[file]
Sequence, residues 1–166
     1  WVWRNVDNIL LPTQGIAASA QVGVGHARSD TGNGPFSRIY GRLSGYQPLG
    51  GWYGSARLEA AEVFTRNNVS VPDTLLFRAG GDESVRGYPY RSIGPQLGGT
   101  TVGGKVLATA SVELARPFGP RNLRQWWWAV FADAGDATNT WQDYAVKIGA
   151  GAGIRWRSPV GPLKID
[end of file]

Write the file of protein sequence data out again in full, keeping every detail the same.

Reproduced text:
Sequence, residues 1–166
     1  WVWRNVDNIL LPTQGIAASA QVGVGHARSD TGNGPFSRIY GRLSGYQPLG
    51  GWYGSARLEA AEVFTRNNVS VPDTLLFRAG GDESVRGYPY RSIGPQLGGT
   101  TVGGKVLATA SVELARPFGP RNLRQWWWAV FADAGDATNT WQDYAVKIGA
   151  GAGIRWRSPV GPLKID